Helen Mirren as Sarah Winchester, sitting and looking to her right somewhat fearfully with books in stacks around her

However, Sarah has her limits. When evil spirits like Benjamin Block enter and begin messing with her family, Sarah takes it personally, as she should. She’s kind enough to welcome you to a corner of her home, but if you take advantage, like possessing family members or trying to murder her, Sarah will ensure you are dealt with in another way altogether. Thankfully she had the help of Eric, who was able to see ghosts after temporarily dying following a gunshot wound inflicted by a Winchester gun before he was revived. Eric shoots Benjamin with the bullet that Eric kept from his own shooting, in the rifle that Benjamin used to conduct the shooting against the Winchester employees, and as Benjamin is afraid of it, he is banished.

The rooms are meant as a means to seal off what cannot be forgotten, at least until they can move on, or until Sarah feels she has fulfilled whatever duty she feels she must in order to give them, and herself, some peace. The rooms are there in the background, keeping the spirits at bay, to help Sarah find a balance between the living and the dead, and alleviate whatever responsibility she may feel in regards to her company’s product and the actions taken with those firearms.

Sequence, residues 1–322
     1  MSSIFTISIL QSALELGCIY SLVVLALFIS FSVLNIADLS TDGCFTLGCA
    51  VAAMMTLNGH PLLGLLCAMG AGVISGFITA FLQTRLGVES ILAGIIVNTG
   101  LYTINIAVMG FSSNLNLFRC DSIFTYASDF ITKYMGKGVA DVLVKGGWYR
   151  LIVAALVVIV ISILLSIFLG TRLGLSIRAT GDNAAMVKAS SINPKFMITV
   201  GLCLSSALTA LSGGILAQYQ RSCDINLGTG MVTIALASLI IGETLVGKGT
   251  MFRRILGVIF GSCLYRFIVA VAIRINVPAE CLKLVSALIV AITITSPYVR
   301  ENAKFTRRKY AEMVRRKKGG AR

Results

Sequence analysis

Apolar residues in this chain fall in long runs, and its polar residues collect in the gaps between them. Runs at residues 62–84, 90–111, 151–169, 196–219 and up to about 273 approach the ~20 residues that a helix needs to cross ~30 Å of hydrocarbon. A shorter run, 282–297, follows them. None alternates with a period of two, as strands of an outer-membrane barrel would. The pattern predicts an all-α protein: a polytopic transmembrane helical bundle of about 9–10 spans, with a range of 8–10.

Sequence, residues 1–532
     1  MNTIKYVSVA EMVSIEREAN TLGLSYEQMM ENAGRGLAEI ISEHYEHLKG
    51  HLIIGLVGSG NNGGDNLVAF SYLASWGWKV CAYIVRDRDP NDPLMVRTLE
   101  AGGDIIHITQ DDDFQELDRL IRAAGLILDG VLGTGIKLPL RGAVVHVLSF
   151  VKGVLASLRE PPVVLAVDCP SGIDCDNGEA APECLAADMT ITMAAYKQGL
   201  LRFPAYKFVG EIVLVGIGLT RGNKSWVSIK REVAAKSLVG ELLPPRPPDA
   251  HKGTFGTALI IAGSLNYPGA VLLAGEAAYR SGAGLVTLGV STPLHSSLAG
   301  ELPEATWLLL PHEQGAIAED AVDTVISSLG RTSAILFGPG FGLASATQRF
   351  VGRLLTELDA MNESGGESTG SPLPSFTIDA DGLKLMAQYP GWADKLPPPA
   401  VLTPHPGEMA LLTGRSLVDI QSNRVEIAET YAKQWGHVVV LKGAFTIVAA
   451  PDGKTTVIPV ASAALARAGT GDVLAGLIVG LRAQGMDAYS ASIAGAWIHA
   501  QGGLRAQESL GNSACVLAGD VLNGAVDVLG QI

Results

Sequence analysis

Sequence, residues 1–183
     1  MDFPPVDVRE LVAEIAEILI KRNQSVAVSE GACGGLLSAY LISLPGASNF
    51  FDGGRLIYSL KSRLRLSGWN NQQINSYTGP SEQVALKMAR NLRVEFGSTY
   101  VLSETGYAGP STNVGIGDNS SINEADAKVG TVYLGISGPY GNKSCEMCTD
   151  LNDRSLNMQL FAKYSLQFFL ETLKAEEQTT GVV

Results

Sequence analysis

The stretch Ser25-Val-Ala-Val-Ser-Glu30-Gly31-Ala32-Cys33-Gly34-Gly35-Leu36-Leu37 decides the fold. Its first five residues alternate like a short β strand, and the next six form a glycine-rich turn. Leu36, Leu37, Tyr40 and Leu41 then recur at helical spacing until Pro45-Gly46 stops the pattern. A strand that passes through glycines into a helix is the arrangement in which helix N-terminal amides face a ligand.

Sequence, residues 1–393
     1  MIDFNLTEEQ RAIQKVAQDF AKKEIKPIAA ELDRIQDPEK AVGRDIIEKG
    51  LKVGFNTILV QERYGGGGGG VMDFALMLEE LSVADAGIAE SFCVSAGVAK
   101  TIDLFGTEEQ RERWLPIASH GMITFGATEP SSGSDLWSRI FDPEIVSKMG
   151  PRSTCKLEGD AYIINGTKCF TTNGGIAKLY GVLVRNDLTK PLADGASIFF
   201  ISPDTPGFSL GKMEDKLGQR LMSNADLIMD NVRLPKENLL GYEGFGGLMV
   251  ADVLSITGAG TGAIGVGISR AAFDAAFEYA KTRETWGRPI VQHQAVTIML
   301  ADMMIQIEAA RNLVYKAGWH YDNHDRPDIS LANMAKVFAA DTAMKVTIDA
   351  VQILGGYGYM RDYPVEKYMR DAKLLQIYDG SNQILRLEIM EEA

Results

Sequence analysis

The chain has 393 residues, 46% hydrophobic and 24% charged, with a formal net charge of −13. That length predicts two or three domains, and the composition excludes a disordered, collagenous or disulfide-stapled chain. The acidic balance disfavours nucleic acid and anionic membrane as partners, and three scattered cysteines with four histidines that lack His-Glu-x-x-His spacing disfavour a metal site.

Violation of Sanity

Eric, at the beginning of the film, is deeply in grief over the loss of his wife Ruby (Laura Brent) and is a drug addict. By the end of the film, he sees Ruby as a ghost and receives closure. Ruby was misdiagnosed as “delusional” by her own husband when she really could see and hear ghosts. Now that Eric has that same ability because of his own temporary death prior to his revival, he understands his mistake on a greater level.

It is Ruby that gets Eric to help Sarah, and Eric finds Sarah just in time to help her defeat Benjamin. In this case, seeing ghosts is a good thing, especially for Eric as it allows him to say goodbye to his wife and defeat the enemy. However, seeing and hearing ghosts isn’t always a blessing.

I used to watch Ghost Whisperer quite often in my high school years. That show always did a great job of portraying the pros and cons of Melinda’s (Jennifer Love Hewitt) gift. Ghosts infiltrated her life on a daily basis, and she learned to tune them out when necessary while also helping those that needed it the most. Some, however, were so persistent she couldn’t ignore them.

Eric stands with his back to the camera, his wife Ruby in front of him holding a gun below her chin as they stand in an overgrown greenhouse in Winchester